So head on over to Vitarelli's Restaurant and Catering, where the pizza is hot and the atmosphere's cool.
So load up a few pizzas with your favorite toppings at Vitarelli's Restaurant and Catering and enjoy a night munching away with your friends.
Hankering for a side of fries? Try the grub at Cheesecake Factory, a tasty restaurant serving American-style fare.
Cheesecake Factory is serving up healthy meals packed with flavor.
Drinks all around! Pair your dinner with a beverage from this restaurant's full bar.
Don't leave the kids at home — youngsters will love the family-friendly cuisine at this restaurant just as much as mom and dad.
Cheesecake Factory offers patio seating in the warmer months.
Cheesecake Factory wants guests to dine in comfort, so save that stuffy suit for another date.
Leaving the couch is half the battle. Your foods awaits your pickup at this restaurant.
Love the food so much you want to serve it at your next soiree? No problem — Cheesecake Factory offers catering.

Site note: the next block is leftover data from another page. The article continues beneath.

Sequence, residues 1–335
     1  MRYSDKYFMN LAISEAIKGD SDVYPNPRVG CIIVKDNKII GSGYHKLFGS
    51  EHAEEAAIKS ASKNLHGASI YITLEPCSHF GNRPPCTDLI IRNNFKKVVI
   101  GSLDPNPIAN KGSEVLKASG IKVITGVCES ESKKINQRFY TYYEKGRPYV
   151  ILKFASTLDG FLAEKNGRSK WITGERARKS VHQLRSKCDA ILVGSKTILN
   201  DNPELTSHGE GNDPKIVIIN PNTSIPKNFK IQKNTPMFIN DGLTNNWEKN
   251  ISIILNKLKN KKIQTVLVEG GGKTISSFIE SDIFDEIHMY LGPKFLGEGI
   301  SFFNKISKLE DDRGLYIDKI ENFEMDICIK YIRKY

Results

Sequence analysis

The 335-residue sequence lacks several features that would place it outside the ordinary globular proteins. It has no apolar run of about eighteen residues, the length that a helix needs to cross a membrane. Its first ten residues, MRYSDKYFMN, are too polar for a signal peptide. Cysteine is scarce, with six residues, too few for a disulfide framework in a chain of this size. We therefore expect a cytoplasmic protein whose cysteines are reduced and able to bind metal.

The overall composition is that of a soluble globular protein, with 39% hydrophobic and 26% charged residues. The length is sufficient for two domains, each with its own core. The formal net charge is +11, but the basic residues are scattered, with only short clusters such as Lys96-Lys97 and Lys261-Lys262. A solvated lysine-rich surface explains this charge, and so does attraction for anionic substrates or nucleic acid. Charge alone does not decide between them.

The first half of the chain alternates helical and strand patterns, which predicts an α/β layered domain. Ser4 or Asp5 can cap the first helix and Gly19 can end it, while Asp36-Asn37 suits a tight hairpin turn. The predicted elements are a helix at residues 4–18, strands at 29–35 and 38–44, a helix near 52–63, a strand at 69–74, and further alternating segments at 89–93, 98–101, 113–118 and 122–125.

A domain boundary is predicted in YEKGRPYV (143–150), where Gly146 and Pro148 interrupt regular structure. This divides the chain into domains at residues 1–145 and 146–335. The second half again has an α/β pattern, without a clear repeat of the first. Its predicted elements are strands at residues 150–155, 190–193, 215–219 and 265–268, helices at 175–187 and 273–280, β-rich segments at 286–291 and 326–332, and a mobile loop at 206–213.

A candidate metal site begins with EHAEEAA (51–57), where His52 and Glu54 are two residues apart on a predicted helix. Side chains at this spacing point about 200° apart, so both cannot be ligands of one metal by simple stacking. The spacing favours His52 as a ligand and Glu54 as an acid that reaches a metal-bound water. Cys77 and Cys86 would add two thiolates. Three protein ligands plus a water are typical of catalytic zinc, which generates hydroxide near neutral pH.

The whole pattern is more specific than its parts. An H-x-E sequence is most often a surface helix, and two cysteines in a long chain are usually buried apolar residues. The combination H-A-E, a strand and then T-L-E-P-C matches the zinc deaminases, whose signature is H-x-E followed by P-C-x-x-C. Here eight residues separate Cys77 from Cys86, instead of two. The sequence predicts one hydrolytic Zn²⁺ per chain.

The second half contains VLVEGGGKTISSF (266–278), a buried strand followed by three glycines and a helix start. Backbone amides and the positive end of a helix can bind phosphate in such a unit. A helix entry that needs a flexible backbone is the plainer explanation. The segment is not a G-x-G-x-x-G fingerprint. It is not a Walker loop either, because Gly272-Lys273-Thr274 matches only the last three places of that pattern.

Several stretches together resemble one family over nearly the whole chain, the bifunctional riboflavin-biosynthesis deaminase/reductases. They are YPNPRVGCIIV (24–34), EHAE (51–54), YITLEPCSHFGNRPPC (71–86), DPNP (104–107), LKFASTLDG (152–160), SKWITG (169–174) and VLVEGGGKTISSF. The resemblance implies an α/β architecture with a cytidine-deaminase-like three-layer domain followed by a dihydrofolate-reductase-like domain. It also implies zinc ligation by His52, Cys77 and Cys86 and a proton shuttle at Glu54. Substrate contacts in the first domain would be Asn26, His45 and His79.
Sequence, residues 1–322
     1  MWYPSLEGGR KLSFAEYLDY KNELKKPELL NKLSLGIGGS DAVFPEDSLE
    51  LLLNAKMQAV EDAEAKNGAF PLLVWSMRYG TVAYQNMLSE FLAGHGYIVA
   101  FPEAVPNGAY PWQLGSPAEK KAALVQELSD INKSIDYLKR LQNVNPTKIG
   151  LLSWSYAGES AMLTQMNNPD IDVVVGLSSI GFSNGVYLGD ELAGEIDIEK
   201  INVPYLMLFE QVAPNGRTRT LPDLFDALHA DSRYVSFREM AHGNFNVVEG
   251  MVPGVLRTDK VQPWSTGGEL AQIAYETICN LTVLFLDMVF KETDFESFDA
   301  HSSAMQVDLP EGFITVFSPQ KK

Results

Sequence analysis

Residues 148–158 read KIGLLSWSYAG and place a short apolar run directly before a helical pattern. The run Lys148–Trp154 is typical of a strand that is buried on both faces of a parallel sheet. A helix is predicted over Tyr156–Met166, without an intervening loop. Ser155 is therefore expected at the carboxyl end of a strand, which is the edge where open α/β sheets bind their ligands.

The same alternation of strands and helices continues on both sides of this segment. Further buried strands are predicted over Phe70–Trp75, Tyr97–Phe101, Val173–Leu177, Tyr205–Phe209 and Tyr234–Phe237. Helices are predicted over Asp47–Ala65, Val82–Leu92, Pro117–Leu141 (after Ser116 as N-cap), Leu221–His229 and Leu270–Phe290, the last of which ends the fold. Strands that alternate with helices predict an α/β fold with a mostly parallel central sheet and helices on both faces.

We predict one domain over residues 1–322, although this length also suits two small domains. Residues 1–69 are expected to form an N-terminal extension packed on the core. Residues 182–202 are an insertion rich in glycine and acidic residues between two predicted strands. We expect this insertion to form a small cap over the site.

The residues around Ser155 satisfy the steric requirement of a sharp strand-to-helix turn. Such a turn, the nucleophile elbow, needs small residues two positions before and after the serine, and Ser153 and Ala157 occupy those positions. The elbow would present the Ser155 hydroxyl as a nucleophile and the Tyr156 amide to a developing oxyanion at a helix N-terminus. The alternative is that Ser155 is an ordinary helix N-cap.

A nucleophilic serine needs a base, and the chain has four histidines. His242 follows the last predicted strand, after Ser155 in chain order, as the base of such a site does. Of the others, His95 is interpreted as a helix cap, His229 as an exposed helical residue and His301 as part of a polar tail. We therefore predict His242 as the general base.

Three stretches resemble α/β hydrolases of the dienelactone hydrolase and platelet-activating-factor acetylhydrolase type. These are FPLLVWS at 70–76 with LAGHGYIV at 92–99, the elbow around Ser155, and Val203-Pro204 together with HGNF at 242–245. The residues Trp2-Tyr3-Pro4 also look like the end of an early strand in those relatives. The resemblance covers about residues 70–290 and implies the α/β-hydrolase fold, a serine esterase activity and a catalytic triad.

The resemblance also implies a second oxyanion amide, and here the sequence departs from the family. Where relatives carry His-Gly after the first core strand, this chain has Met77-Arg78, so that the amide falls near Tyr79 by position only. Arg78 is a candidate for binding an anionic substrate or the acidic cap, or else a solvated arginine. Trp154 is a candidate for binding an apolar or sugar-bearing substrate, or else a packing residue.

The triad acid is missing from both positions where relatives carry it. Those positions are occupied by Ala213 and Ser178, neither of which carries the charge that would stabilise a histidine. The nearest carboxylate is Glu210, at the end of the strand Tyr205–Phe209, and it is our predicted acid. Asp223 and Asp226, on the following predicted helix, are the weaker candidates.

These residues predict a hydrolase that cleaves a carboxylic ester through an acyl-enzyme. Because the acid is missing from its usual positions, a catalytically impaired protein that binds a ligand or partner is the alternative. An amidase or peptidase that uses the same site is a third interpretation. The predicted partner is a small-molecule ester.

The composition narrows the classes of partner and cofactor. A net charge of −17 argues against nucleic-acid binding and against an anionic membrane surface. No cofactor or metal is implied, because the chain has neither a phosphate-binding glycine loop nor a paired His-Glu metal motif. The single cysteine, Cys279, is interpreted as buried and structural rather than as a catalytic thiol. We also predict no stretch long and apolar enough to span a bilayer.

Many diners choose to drive to Cheesecake Factory, as there are numerous parking options nearby.
Customers should be prepared to spend around $30, but more importantly, they should be prepared to enjoy a great meal.
Whether you're hungry first thing in the morning or prefer to eat a little later, Cheesecake Factory is conveniently open for breakfast, lunch, and dinner.
Stop putting off the best meal of your year and come into Cheesecake Factory's restaurant for some good old American favorites!
Find something for anyone at any time with American food from Cheesecake Factory.
So what are you waiting for? Come see what the highly-rated American food at Cheesecake Factory is all about.
Sal Vito Pizza does not just make pizza. They serve decadent slices of heaven that anyone who sinks their teeth into rate high on their list.